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Old 06-11-2007, 08:15 AM   #21
ymsamhi
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Default Re: Why not here?

I think it is because that (unfortunately) the vast majority of Americans dont care about motorsport technology. This is represented by the bikes made in America, the cars driven in America and the motorsport most enjoyed in America. The bikes change at a snails pace, they are great bikes but hardly cutting edge. The most popular segment of vehicles in the U.S. for a decade has been trucks or SUVs. Rather ill handling vehicles that can only attest to real excitement through marketing and image. Trucks and SUVs also are not generally the platforms for ground breaking new ideas. NASCAR, we love it, but your really not rooting for the Ford quite as much as you are for the personality of the driver, and the technology of the cars does not vary much from vehicle to vehicle (in theory). I spent a few years in Germany and the car is to be driven fast and correctly and the rest of your life gets put on hold until you get out of the car, no texting, no phoning, no eating, no sitting in the left lane at 55 mph with your blinker on for 6 miles (this is of course changing for the worse). Not every European is like this but a higher percentage is compared to here.



As a whole we are a very inward looking people, we dont care what the rest of the world is doing. We MOrons may not be like that but most Americans seem to be. To tie this in with the weekends MotoGP race, the two leaders of the race are duking it out and the announcers talk about what is happening to the American riders at the mid to back of the pack. Before the race starts they talk about all the U.S. riders and then barely mention Rossi, Stoner or Pedrosa-the points and eventual race leaders. They do this when you watch skiing as well. Next year Ducati will be racing the 1200 in BSBK and most likely WSBK. But not here because we dont care what everyone else is doing.



Our saving grace may be in Alabama, of all places, Alabama and the forward thinking Barber Motorsports

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Old 06-11-2007, 08:16 AM   #22
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Default I was wrong.

Check that: Triumph sold 10,000 motorcycles in 2006. They figure they will break the all time Triumph record of 28,000 bikes in five years.
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Old 06-11-2007, 08:19 AM   #23
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Default Re: So

I'm in with both feet. You in with me?
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Old 06-11-2007, 08:21 AM   #24
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Default Re: Why not here?

The reason Barber is in Alabama is because of cheap land and low taxes. The state battle cry for Alabama is "Thank God for Mississippi!"
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Old 06-11-2007, 08:22 AM   #25
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Default Re: Why no track?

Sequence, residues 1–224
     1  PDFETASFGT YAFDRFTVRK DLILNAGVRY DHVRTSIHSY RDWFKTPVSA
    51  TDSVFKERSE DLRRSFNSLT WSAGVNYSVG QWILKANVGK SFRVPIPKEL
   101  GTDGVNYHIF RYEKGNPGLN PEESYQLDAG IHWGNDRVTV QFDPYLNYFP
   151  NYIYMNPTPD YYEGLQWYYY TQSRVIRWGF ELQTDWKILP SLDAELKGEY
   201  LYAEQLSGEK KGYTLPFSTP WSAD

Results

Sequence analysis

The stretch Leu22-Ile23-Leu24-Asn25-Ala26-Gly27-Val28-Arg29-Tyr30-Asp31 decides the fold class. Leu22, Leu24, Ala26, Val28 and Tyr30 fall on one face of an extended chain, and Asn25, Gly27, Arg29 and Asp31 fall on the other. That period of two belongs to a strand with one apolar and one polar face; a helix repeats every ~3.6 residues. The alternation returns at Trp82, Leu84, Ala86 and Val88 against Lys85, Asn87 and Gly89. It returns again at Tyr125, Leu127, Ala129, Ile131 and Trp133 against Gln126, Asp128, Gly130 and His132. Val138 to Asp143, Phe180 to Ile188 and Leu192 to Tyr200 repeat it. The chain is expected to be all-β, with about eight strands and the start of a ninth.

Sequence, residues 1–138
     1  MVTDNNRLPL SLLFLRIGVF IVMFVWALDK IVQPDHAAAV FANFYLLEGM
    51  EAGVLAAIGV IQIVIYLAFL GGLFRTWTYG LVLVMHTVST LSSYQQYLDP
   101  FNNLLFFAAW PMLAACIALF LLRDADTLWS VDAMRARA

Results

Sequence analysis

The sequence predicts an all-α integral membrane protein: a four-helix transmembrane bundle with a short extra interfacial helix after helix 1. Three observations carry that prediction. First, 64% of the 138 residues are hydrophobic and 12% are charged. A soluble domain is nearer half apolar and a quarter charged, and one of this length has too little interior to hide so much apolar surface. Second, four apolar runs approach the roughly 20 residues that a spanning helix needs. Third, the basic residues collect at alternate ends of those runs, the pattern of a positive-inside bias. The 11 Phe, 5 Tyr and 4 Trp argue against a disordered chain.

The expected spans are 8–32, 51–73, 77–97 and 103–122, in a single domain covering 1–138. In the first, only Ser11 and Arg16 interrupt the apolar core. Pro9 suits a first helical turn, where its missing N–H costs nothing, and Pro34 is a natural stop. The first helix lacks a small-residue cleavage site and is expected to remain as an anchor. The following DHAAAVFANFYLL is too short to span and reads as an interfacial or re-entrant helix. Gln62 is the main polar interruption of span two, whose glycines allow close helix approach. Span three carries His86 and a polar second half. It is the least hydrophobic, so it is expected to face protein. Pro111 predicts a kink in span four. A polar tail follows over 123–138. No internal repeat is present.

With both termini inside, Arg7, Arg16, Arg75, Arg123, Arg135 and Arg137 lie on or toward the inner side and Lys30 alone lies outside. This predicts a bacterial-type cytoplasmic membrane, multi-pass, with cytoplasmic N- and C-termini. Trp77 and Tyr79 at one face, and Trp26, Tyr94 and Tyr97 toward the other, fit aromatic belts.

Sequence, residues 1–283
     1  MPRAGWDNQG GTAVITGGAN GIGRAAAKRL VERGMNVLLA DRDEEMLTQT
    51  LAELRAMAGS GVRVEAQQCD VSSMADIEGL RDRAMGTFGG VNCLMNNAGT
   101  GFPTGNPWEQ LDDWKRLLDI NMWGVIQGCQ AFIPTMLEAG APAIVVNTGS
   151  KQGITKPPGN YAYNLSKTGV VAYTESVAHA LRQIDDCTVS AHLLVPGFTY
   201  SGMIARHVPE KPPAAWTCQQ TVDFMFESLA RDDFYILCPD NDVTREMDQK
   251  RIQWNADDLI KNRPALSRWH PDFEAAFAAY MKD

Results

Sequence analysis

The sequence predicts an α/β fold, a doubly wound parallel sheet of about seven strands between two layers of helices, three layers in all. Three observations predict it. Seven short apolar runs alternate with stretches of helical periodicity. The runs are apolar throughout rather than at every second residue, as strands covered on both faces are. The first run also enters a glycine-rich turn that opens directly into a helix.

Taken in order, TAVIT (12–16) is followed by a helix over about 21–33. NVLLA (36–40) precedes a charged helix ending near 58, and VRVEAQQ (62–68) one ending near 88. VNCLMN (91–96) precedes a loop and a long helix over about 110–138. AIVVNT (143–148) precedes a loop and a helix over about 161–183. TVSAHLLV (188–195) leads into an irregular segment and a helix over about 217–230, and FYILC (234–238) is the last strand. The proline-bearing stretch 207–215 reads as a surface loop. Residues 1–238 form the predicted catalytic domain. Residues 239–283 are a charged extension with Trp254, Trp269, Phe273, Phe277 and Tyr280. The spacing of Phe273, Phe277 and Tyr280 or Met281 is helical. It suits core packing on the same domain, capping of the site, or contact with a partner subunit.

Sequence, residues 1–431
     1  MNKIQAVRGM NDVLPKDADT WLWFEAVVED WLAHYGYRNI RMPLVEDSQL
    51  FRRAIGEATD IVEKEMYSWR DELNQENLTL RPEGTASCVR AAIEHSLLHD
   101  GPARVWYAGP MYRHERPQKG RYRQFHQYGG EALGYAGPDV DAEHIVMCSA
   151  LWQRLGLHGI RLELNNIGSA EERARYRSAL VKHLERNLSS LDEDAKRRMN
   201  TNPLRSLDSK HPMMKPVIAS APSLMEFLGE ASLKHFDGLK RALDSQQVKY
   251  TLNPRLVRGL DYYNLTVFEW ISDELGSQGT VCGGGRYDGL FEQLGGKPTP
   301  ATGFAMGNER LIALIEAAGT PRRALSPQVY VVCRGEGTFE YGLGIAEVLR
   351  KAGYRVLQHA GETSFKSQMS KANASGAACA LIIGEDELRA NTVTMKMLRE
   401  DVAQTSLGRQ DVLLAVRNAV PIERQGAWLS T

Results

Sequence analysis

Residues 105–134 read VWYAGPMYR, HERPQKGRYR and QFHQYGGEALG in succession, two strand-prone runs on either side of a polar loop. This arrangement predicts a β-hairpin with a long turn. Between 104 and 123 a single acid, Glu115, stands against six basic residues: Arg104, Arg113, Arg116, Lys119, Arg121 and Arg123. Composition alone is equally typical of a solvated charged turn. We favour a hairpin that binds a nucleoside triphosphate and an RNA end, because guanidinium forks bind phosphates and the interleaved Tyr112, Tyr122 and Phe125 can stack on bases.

well as it happens yes ...



not so much the road circuits but definitely mx and quad tracks, one has just opened up about 30 minutes from my house which is near perfect distance for me...one of 3 to open in the last few years..mainly the move to doing this seems to be from farmers etc who are looking at alternative ways of making money from their land



as for moto gp level tracks there has not really been any additional european ones, except maybe some of the spanish ones in the last 15 years, catalyuna i think. qatar and sepang are recent also but obviously not european ..



lower down the level ..wsb or bsb level there has been 2 in the uk (rockingham and mondello) in the last 6 years and 2 in france that i know of they would be more like laguna seca just not quite up to f1 or moto gp level (even though moto gp runs there)



but it takes a lot of perserverance to get them built and a lot of money

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Old 06-11-2007, 08:26 AM   #26
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Default Re: So

Short answer: No.
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Old 06-11-2007, 08:33 AM   #27
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Default Re: I was wrong.

They sold about 10K in the US market. Globally they sell a lot more.



Still a long way to go to beat HD. I wouldn't count them out though. First they have to beat the ridiculous brand loyalty that makes people buy inferior I-4s instead of superior triples.
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Old 06-11-2007, 08:36 AM   #28
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Default Re: Why no track?

Opening dirt tracks in the USA is a more difficult proposition with our out of control tort system.



Since there is virtually no motorcycle racing popularity in the US I doubt we'll see any new tracks. The last one, Millers, is built near the nerve gas dumps in Utah.
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Old 06-11-2007, 08:37 AM   #29
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Default Re: Why not here?

I acknowledge HD's success in selling "nostalgic" bikes. I own one! My measure of success in this conversation is our ability to produce a high performance, high tech sportbike that can compete with Kawi, Honda, Suziki, even Ducati.



HD's market is gray haired already. Their bubble follows the Baby Boomers. There product as it exists today has a finite life span.
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Old 06-11-2007, 08:40 AM   #30
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Default Re: I was wrong.

You are correct. I found this: In the year under review (2006) sales of Triumph motorcycles rose to 37,400 units.
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